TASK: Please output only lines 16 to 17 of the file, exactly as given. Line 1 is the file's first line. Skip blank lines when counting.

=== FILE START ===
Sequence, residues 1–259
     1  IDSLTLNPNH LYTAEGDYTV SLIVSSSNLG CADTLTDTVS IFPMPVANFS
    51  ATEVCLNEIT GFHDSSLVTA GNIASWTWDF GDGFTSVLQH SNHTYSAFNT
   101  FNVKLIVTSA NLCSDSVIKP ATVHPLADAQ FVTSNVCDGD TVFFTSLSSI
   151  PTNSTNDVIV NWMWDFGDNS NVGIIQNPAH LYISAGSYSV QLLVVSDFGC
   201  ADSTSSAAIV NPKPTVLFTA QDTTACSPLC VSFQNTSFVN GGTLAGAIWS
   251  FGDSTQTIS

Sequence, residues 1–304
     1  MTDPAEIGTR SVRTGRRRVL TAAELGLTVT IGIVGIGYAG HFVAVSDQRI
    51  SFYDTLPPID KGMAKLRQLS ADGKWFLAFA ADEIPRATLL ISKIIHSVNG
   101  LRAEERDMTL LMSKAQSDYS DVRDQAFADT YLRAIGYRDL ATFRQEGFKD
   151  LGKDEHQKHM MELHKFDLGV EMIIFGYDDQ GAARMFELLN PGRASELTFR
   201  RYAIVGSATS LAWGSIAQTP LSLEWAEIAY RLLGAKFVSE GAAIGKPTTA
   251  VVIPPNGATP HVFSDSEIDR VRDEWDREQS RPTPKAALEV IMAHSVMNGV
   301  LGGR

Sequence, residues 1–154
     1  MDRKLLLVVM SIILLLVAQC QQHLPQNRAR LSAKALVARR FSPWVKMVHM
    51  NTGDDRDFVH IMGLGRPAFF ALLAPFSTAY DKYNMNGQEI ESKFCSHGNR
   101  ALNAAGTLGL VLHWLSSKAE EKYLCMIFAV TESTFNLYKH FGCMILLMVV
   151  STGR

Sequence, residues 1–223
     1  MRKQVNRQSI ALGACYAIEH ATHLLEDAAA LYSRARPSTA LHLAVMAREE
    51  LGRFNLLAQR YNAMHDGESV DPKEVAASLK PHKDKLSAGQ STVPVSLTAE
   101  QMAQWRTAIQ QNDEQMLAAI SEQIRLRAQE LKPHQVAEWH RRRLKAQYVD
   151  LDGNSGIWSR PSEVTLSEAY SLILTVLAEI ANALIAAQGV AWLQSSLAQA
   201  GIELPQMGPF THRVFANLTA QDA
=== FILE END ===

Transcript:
Sequence, residues 1–154
     1  MDRKLLLVVM SIILLLVAQC QQHLPQNRAR LSAKALVARR FSPWVKMVHM